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ABC shines light on preparations

Niagara Falls has never been lit up as brightly as it will be tonight.

"As anyone can imagine, it's not an easy thing to light the falls," said John Green, co-executive producer of ABC's live broadcast of daredevil Nik Wallenda's tightrope walk across the falls. "But we can't let anyone miss the action, the experience."

And after months of preparation, Green said the network is more than prepared to give the millions of viewers tuning in just that experience.

ABC will use seven trucks of lighting equipment, the equivalent of 325,000 watts of light, to make Wallenda's walk as visible as possible for viewers. About 15 cameramen will be stationed in helicopters, on zip lines, underneath the falls, and on both the American and Canadian side.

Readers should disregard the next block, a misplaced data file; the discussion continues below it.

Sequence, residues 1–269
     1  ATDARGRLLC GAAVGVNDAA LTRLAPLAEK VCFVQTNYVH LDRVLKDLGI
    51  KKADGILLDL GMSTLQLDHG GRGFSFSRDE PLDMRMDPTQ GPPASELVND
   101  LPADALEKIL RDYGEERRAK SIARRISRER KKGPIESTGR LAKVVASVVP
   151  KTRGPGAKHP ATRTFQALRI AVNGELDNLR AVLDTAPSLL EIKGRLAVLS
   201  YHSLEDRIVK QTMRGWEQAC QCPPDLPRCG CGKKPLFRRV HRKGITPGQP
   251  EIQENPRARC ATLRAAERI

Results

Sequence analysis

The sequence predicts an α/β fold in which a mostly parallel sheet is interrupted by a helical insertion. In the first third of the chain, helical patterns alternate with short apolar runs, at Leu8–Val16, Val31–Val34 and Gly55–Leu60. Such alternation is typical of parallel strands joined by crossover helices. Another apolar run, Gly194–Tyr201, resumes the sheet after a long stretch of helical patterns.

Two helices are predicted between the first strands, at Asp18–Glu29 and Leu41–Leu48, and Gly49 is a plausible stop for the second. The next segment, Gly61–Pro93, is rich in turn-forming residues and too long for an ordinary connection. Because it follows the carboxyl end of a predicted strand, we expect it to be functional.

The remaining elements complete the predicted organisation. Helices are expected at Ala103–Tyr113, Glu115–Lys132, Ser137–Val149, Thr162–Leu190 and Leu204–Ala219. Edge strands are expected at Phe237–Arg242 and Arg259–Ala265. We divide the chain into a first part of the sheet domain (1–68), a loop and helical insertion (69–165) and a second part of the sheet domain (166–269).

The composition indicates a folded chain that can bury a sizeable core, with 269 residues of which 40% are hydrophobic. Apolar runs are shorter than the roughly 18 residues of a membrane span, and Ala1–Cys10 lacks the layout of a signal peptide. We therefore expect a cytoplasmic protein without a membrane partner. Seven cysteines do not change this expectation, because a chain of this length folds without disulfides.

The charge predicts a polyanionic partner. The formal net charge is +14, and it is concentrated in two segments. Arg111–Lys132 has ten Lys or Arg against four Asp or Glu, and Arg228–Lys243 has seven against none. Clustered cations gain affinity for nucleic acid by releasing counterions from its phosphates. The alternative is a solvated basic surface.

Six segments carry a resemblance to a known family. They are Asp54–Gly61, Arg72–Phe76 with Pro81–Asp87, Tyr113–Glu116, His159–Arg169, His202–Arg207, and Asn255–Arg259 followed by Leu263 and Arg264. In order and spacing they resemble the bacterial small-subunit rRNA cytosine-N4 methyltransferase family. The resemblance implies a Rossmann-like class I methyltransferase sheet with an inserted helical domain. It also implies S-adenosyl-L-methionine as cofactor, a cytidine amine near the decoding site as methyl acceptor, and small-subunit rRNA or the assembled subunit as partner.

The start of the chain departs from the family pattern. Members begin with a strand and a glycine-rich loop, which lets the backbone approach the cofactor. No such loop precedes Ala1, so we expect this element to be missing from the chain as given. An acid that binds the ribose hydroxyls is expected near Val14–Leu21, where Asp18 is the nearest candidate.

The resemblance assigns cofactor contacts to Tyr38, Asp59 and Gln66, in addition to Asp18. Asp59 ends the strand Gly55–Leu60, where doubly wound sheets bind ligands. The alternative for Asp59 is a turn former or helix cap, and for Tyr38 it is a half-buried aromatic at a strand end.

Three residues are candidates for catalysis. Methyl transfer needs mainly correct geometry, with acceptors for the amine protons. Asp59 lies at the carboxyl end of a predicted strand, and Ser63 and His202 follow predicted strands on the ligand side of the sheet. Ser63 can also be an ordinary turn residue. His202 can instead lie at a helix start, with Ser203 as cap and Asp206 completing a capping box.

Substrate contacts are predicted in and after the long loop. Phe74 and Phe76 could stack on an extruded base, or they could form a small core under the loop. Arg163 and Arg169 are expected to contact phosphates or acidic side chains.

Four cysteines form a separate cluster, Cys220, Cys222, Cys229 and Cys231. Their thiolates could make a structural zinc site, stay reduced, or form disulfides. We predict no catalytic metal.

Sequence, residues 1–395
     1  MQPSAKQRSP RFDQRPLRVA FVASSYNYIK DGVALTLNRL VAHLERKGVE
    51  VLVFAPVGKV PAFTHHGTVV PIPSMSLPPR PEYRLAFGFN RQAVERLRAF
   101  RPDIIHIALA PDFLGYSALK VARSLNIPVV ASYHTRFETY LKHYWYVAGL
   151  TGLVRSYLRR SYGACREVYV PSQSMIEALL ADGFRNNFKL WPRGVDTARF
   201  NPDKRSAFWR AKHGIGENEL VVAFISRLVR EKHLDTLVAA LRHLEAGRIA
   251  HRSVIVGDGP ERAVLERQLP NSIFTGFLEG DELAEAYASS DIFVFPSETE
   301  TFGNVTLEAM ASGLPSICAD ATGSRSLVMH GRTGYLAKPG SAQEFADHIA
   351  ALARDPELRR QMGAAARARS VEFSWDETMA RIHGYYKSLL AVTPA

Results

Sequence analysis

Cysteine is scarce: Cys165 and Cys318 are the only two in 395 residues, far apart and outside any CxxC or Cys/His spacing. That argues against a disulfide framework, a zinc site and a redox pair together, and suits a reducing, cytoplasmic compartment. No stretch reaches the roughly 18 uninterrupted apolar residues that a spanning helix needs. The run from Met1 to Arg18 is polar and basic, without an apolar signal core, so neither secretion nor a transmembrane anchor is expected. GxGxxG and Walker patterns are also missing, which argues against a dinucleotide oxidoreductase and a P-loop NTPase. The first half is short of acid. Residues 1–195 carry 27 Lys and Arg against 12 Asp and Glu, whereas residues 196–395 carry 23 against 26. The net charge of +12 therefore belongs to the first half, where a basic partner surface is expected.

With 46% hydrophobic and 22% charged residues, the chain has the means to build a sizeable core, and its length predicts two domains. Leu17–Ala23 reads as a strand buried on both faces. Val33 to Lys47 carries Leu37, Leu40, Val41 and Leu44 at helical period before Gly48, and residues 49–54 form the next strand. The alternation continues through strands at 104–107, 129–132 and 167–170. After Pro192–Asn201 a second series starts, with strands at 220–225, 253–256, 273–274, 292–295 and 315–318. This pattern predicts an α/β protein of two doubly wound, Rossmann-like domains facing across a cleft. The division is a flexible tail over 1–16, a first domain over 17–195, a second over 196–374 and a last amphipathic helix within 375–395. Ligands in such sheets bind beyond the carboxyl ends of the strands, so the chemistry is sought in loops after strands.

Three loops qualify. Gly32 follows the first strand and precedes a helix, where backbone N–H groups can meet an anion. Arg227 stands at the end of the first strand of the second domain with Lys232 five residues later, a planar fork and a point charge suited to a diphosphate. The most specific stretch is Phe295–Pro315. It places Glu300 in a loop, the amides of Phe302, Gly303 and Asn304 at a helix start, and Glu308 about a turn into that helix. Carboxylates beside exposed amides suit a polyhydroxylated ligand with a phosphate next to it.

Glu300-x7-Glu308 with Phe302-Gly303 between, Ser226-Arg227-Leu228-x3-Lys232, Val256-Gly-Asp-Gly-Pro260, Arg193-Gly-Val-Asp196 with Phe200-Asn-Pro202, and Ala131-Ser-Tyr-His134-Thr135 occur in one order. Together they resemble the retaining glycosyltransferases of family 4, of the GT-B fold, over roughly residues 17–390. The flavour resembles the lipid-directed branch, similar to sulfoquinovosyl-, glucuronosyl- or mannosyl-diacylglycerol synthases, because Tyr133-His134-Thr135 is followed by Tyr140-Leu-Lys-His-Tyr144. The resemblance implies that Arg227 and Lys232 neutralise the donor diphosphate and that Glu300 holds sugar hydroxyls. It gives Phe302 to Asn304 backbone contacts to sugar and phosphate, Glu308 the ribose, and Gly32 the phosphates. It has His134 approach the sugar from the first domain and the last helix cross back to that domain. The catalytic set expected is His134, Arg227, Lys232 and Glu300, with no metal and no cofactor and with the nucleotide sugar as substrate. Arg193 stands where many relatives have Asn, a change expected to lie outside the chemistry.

"It's been an elaborate process, but we're ready for the excitement. We're ready for those heart-pumping moments," Green said.

ABC plans three hours of programming from 8 to 11 p.m. The first part will explore the greatest stunts in history, and the legacy of the Wallenda family, whose wild performances date back seven generations. The live broadcast will follow from 9 to 11 p.m, and will be hosted by Josh Elliot and ESPN's Hannah Storm, featuring people's reactions and the atmosphere of the event.

In order to give viewers ideal camera angles, Green said elevated platforms extending more than 30 feet have been placed for cameramen near the location where Wallenda will mount and dismount.

ABC will be able to communicate with Wallenda throughout the walk by providing him with an earpiece and microphone. But Green said the network wants him to focus on the walk, and will, therefore, speak with him as little as possible.

"We want to respect his concentration," Green said. "This not only requires physical dexterity but mental dexterity, too. He needs to be in the zone. He's no different from an athlete."

ABC requires Wallenda to wear a harness for the event so that nothing catastrophic happens on a broadcast that thousands of families will be watching; this will be the first time he wears one.

But Green said that Wallenda respects ABC's request in order to make it a safe event.

"He understands why we'd be concerned," Green said, "and it'll still be a great story."